"I believe that this treatment will soon enter into the guidelines for the clinical management of liver cancer patients," said the first study's lead author, Riccardo Lencioni, M.D., a radiology professor at the University of Pisa in Italy.
Consequently, RF ablation has emerged as an alternative treatment for inoperable liver cancer and may also be useful as a bridge to liver transplantations. Dr. Lencioni and colleagues performed RF ablation on 187 early-stage liver cancer patients with cirrhosis who were not candidates for surgery.
People with cirrhosis or Hepatitis B or C virus infections are at increased risk of developing liver cancer. Fewer than five percent of liver-cancer patients with cirrhosis qualify for surgical liver resection, and the liver donor shortage limits transplant availability.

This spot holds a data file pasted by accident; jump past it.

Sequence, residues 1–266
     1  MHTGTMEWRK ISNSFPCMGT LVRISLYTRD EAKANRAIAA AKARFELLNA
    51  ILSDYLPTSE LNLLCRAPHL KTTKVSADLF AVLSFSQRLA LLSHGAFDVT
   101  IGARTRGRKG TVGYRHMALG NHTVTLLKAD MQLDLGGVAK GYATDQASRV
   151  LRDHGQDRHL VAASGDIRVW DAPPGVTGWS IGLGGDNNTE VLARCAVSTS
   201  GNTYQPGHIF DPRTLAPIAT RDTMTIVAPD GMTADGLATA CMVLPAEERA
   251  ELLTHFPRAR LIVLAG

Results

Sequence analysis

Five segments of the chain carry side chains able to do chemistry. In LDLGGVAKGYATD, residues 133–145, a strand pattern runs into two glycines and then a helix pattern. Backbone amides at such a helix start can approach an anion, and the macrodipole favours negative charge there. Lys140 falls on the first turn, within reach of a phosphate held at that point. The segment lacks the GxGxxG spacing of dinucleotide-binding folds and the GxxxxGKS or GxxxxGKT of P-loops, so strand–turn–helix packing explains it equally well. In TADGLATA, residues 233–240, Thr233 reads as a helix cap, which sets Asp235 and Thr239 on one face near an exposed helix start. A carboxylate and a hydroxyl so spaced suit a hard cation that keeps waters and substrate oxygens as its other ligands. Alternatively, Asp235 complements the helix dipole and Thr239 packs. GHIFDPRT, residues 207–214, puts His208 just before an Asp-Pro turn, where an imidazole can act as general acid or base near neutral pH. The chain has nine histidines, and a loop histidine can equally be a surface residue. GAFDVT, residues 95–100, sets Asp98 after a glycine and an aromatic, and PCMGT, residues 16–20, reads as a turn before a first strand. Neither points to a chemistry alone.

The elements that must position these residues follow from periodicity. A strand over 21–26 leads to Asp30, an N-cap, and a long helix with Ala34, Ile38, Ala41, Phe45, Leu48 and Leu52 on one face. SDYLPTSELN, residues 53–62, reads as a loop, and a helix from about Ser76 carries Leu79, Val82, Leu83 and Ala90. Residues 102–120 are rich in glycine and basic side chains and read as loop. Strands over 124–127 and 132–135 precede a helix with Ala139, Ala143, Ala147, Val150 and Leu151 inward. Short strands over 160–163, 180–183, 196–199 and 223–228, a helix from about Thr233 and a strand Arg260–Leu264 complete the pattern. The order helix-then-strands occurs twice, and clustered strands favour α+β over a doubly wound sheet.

"RF ablation was shown to be a safe therapeutic option, with no treatment-induced mortality and a complication rate below two percent," Dr. Lencioni said. The results also indicate that RF ablation patient survival is dependent on the type of cirrhosis and number of tumours present.
A second study published in the March issue of Radiology further demonstrates the effectiveness of RF ablation to treat liver tumours.
In this study, researchers at the David Geffen School of Medicine at UCLA used RF ablation to treat 47 liver cancer nodules in 24 patients who were waiting for liver transplantation. After transplantation, pathologic examinations of the diseased livers were performed to retrospectively evaluate RF ablation's effectiveness.
The researchers found that 74 percent of the tumours were successfully treated by ablation. The procedure proved more successful with smaller tumours than with larger tumours, with a success rate of 83 percent when treating tumours three centimetres or smaller.
MEDICA.de; Source: Radiological Society of North America